Victims of Crime Assistance Policy

1.1 Introduction

The Victims of Crime Assistance Act 2009 (VoCA Act) contains fundamental principles of justice which underlie the treatment of victims of crime. Sections 8, 9 and 10 apply to the Office of the Information Commissioner when interacting with or providing services to victims of crime. As part of their Code of Conduct obligations, OIC staff treat all members of the public, including victims of crime, with the respect and consideration reflected in these principles.

1.2 Who is a victim of crime?

Under section 5 of the VoCA Act, a victim is a person who has suffered harm—

(a) because a crime is committed against the person; or

(b) because the person is a family member or dependant of a person who has died or suffered harm because a crime is committed against that person; or

(c) as a direct result of intervening to help a person who has died or suffered harm because a crime is committed against that person.

1.3 Fair and dignified treatment

Section 8 of the VoCA Act provides that victims of crime are to be treated with courtesy, compassion, respect and dignity. OIC staff providing services to victims of crime are to take into account, and be responsive to, the particular needs of such individuals, including for example, needs relating to the victim’s age, sex or gender identity, race or indigenous background, cultural or linguistic diversity, sexuality, impairment, or religious belief.Note that under this section a victim includes any person who has suffered harm as a direct result of witnessing a crime committed against someone else.

If you are uncertain whether a victim of crime requires specific assistance, seeking their input is important; ask if they have any preferences or special needs in the context of the service you are providing. If you are uncertain as to how to accommodate particular needs or requests, you should speak with your direct supervisor for guidance.

1.4 Privacy of Victims of crime

Under section 9, a victim’s personal information, including their address and telephone numbers, held by OIC are not to be disclosed to a person other than as authorised under an Act or law.1

OIC staff are subject to the privacy principles in the Information Privacy Act 2009 (IP Act). The IP Act allows disclosure of personal information in a number of circumstances, including where the disclosure is authorised or required by a law. In addition, under section 110(6)of the Right to Information Act 2009 and section 123(6) of the IP Act, OIC is required to publish decisions of the Information Commissioner. Published decisions ordinarily include the last name of the applicant.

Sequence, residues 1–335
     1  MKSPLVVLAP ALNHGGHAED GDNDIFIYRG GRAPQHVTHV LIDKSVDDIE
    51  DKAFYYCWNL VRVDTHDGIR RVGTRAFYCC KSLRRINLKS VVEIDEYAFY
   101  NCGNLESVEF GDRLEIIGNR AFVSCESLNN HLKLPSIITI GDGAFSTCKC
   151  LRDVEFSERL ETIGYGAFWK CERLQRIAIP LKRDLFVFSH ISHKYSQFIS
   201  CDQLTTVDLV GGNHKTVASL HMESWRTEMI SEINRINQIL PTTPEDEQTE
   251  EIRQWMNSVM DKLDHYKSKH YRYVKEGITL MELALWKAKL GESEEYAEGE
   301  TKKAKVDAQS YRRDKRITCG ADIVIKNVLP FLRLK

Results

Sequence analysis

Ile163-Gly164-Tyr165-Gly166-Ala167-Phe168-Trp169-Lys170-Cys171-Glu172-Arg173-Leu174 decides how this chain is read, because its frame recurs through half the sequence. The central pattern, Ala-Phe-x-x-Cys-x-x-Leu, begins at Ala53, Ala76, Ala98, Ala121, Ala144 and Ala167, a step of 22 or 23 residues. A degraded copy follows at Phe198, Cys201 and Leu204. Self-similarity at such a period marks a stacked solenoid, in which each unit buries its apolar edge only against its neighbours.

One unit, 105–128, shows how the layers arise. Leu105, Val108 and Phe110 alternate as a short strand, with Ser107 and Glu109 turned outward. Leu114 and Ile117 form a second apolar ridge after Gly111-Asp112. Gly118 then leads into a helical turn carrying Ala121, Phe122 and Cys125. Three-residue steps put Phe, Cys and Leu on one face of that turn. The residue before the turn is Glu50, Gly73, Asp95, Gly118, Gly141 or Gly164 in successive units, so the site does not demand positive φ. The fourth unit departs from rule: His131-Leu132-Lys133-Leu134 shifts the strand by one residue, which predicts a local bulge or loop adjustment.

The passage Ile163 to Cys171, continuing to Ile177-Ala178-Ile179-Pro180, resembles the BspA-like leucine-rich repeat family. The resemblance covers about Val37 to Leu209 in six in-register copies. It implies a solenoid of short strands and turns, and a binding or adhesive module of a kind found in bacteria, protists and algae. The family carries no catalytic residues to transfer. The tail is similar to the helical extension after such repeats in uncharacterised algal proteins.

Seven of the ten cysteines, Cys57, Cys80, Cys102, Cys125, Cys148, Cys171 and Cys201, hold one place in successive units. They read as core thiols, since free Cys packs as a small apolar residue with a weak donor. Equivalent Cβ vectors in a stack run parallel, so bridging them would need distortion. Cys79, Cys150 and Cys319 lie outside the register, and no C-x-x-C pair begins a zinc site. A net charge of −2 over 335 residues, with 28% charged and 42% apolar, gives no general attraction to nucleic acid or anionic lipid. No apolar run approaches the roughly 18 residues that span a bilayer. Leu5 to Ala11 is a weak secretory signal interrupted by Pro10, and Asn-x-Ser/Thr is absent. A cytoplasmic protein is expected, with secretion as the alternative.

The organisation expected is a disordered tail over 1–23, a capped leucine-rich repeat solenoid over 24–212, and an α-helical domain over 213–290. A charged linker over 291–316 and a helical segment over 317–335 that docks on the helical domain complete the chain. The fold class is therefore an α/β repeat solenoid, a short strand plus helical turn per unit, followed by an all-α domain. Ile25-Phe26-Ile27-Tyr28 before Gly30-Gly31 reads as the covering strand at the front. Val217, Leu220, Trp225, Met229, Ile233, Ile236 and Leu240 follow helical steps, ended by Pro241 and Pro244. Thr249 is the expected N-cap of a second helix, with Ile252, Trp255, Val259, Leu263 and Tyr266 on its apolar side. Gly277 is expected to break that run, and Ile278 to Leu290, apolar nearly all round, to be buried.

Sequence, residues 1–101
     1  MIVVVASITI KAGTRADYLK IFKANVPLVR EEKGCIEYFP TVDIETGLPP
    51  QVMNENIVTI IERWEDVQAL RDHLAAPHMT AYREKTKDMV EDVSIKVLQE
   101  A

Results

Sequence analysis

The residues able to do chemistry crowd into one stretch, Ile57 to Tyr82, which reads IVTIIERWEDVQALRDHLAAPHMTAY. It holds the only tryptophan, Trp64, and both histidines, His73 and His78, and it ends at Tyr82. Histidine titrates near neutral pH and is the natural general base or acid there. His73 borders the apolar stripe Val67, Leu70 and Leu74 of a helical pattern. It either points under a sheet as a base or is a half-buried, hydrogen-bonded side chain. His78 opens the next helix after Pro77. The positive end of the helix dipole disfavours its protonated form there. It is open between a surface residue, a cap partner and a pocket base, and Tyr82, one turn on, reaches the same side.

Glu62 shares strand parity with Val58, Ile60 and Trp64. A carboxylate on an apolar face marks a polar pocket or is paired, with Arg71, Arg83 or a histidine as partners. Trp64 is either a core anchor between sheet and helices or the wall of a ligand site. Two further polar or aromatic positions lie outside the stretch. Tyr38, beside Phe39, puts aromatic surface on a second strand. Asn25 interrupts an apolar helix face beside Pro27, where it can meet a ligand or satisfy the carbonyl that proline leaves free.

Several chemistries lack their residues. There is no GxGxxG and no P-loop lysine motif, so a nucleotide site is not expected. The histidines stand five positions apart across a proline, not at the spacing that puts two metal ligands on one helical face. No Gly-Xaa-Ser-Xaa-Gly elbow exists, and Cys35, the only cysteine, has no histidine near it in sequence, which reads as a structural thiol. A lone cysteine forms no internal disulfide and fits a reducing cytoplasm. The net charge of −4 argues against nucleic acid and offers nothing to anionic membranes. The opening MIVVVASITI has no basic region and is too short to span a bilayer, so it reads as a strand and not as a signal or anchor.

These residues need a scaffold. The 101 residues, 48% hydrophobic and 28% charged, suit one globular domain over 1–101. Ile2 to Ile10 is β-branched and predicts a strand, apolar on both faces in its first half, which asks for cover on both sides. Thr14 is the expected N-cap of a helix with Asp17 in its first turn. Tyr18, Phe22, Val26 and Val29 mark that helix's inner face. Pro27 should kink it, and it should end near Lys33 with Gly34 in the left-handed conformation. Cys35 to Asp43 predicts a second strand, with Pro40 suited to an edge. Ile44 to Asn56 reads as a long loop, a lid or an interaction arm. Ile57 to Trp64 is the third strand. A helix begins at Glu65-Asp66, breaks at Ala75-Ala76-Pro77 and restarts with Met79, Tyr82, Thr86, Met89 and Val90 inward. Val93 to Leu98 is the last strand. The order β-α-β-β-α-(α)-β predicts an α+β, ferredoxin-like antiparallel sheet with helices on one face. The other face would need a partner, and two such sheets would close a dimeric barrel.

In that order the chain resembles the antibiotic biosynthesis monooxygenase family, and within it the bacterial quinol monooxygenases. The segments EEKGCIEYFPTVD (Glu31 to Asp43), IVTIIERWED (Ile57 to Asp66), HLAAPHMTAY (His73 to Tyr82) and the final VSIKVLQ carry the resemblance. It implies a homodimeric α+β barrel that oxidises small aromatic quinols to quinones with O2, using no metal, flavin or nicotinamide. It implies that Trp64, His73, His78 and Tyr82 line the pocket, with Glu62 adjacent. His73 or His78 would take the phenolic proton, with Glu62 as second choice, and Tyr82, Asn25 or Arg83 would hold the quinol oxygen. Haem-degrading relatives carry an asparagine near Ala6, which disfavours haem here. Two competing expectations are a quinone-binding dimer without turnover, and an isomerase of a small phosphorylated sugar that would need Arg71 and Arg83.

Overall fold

This means that generally a victim’s personal information should only be disclosed under legal authority or with the individual’s consent. In certain limited circumstances, having regard to the VoCA Act’s principles and the impact release of information could have on the victim, it may be necessary to ensure non-disclosure of additional non-identifying information. An example of this and the reasons for de-identifying the applicant is set out in 0ZH6SQ and Queensland Police Service.2

1.5 Information about Services

Under section 10 of the VoCA Act, victims of crime are to be given timely information about available welfare, health, counselling, medical and legal help, financial assistance, compensation and restitution entitlements and any other relevant support services available. This applies only to the extent the information relates to OIC’s functions or is otherwise reasonable and practicable for OIC to provide.

OIC publishes a number of information sheets, including information about making applications under the RTI and IP Acts, making privacy complaints, applying for financial hardship, and seeking reviews of agency decisions, which are available on request to all members of the public through the OIC website.

OIC’s Enquiries Service operates from 8:30 am to 4:30 pm on business days and provides specific information in response to queries from members of the public, including victims of crime. Where appropriate and/or requested, Enquiries staff provide enquirers with information about community legal organisations and other Queensland government agencies who may be able to assist them.

Other OIC staff who receive queries may refer enquirers to the Enquiries Service to provide them with information in accordance with section 10 of the VoCA Act. All OIC staff are to make every reasonable effort to assist victims of crime with their enquiries in relation to OIC’s functions.

1 Again, note that under this section a victim includes any person who has suffered harm as a direct result of witnessing a crime committed against someone else.
2 0ZH6SQ and Queensland Police Service (310902), Office of the Information Commissioner (Qld), 25 May 2012.